No less an authority on socially acceptable behavior than Donald Trump has called V. Stiviano a "a very, very bad girlfriend" and, just in case that wasn't enough, "a terrible human being" as well.
Yet, somehow, that's actually pretty kind compared to what Stiviano's being called on her own Instagram page.
More on that in a moment.
While juvenile name-calling and uninformed character-painting whirl all around around the woman at the center of the racism scandal involving Los Angeles Clippers owner Donald Sterling, it's worth asking what we actually do know about her.
On that much-dissected Instagram page of hers, Stiviano says in her bio, "I do it all. Artist,Lover,Writer,Chef,Poet, Stylist, Philanthropist." The hashtag-happy pictures of wealth porn and overexposed homemade modeling photos that follow don't offer too much by way of evidence to support her description, but they do offer their own clues.
Stiviano is clearly a fixture at Clippers games, as evidenced by many pictures of her striking poses in front of the team's logo and enjoying the view from courtside or from skyboxes.
"I have to be part of every trend," the food truck caption reads. "#Catering #FoodTrucks were so in, i bought myself one. Now I don't know what to do with it."
Photographs of three expensive cars mentioned in a lawsuit filed by Sterling's wife, Rochelle, against Stiviano can still be viewed on her account. Rochelle Sterling is suing for return of the cars, among other items, which she claims were gifts from her husband.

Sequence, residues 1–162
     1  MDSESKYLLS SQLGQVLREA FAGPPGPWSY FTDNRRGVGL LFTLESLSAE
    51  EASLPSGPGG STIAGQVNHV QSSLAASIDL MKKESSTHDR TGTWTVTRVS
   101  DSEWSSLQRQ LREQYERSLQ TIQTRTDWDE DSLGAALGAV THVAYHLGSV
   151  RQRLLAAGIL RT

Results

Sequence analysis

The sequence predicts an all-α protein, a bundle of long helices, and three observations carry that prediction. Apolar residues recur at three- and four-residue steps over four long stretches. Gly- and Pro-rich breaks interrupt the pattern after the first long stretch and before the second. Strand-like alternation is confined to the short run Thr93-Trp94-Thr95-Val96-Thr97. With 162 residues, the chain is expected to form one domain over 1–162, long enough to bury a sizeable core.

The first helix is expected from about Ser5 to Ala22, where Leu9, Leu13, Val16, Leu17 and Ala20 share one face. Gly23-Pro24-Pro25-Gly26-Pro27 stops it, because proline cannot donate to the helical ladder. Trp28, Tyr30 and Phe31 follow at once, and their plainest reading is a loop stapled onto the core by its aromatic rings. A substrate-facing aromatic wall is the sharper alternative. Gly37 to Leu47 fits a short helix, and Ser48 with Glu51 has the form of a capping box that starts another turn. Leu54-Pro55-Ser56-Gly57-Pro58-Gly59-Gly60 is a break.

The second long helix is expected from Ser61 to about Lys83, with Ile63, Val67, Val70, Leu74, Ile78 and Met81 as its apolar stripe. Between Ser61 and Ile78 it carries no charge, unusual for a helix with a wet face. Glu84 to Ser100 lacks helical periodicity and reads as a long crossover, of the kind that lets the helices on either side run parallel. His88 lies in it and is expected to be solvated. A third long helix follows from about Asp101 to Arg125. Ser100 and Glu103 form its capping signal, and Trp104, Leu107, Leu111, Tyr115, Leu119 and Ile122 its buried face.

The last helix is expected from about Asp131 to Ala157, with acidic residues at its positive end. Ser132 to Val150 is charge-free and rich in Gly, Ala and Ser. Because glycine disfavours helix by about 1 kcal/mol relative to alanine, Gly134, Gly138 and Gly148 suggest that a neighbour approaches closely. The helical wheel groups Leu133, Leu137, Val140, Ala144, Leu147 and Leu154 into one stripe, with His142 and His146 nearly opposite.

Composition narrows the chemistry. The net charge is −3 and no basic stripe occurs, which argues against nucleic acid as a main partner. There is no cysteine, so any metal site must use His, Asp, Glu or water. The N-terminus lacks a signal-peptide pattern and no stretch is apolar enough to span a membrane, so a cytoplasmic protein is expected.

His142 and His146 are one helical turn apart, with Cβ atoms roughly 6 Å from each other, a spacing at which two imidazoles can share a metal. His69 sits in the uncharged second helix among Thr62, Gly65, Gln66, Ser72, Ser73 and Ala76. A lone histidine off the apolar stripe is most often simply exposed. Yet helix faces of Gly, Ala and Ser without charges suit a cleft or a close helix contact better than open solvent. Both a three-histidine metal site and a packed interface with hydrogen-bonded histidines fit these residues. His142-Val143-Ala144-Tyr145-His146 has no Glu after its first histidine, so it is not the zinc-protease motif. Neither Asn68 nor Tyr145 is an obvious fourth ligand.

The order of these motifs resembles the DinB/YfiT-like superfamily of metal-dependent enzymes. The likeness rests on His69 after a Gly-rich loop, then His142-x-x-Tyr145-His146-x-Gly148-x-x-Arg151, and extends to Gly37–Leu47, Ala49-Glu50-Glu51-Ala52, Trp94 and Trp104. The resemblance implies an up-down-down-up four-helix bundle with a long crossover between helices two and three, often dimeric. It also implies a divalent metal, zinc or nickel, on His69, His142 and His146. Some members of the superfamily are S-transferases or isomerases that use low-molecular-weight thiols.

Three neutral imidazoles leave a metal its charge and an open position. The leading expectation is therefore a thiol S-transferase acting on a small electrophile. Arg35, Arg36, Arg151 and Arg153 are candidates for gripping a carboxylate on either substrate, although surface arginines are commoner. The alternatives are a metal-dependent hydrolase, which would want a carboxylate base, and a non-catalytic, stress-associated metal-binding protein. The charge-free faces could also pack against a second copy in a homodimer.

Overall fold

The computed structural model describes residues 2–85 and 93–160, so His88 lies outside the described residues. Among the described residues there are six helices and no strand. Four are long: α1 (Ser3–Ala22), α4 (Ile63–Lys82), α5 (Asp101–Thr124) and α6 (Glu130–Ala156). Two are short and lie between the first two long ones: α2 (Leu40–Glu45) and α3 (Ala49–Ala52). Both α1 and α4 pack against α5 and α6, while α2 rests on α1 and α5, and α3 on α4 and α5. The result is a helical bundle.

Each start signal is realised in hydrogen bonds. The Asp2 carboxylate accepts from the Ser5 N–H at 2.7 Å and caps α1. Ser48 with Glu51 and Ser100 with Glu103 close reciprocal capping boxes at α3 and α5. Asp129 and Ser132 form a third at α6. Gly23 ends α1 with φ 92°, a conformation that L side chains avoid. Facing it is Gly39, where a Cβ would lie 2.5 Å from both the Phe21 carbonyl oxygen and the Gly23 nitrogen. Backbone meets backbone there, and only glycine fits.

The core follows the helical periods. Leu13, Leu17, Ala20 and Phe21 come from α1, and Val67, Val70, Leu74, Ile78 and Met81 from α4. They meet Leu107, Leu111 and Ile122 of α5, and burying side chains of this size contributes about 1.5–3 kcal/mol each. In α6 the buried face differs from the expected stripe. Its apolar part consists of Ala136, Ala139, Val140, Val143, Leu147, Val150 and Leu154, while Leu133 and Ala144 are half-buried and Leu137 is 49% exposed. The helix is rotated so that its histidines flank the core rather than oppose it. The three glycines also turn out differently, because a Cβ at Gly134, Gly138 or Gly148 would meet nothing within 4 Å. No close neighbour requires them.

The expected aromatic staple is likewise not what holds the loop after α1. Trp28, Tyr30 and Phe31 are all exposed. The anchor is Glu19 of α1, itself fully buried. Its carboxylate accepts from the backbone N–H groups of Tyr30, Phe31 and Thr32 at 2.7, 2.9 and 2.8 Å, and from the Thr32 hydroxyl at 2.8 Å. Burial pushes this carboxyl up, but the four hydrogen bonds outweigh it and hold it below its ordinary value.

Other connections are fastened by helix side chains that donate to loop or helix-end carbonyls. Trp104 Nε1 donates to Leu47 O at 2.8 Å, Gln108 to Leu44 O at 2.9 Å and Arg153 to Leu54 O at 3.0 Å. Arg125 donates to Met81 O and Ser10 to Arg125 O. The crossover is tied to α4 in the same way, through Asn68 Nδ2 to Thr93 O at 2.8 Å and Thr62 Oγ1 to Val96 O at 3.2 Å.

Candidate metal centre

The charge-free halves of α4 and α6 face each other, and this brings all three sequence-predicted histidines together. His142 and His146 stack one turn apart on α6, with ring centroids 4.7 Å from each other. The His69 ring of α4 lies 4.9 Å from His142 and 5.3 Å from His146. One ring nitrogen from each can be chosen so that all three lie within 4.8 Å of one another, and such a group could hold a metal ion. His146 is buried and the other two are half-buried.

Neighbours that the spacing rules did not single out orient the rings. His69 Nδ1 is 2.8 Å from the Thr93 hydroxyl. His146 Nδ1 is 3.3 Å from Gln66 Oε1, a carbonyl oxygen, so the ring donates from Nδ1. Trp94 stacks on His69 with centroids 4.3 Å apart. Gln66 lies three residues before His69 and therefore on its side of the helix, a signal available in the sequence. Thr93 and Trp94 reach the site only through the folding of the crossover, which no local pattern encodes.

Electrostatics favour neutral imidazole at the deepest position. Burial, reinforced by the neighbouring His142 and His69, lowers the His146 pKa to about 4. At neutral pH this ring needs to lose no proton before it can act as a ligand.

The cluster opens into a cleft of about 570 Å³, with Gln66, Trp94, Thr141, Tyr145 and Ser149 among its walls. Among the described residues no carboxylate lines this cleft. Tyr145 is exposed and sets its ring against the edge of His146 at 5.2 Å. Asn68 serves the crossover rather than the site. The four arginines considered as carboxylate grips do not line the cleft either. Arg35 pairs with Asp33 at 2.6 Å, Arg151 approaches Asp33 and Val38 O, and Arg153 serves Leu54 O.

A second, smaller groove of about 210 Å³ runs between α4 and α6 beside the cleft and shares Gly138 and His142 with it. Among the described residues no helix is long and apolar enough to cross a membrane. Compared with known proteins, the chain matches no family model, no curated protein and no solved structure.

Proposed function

Those photos, as well as pretty much every other one of the 214 she's posted on Instagram, have become magnets for online critics who have swarmed the 31-year-old's account, which has become ground zero for commentary on the Sterling controversy. But more specifically, it's become the repository for commentary on the former Maria Vanessa Perez, who legally changed her name in 2010 because she had not "yet been fully accepted because of my race," according to court documents.
Alongside those photos of the cars now are comments like these:
atx100fires: "How you going to rat on the Man who gave you this?"
bigbrompton: "That s*** going straight back to the dealer"
lifemantrahypnosis: "Why are people calling her a hero? She is a gold digger.
Typical of most Internet comments sections, the opinions expressed do not exactly reflect the highest level of either discourse or grammatical proficiency. But the predominance of full-throated anger may still be seen as surprisingly harsh.
"You're a stupid gold digging trick, get it together," reads one.
"I'm more disgusted with this sell out a** hoe [sic] than the old man," reads another. And those are just the ones we can publish here.
Some users are claiming Stiviano has been busy deleting comments. But with new ones piling up on even the oldest of her Instagram posts, the trolls would be difficult to keep back -- Internet Whack-a-Mole with new holes opening up every minute.
She certainly has supporters among her thousands of new followers, with many praising her as courageous or for taking a stand against racism. However, those voices are essentially being drowned out in the din of insults.
A frequent poster, Stiviano has not shared any new images since Friday night, when TMZ first reported on the recording. Noticeably absent from her account, though, are the two images reportedly removed at the insistence of Sterling, ones featuring Stiviano with Magic Johnson and Los Angeles Dodger Matt Kemp, respectively.
While Stiviano's comments can be seen on some older photos, it doesn't appear she has responded on Instagram to any of the criticism.
Her silence extends beyond merely her social media accounts, as Stiviano has not made any public comments about the controversy since the recordings were released.
However, TMZ.com managing editor Harvey Levin told HLN on Tuesday that Stiviano does have a book in the works, though "it's not about Sterling. It's about life."
Follow Jonathan Anker on Twitter @JonFromHLN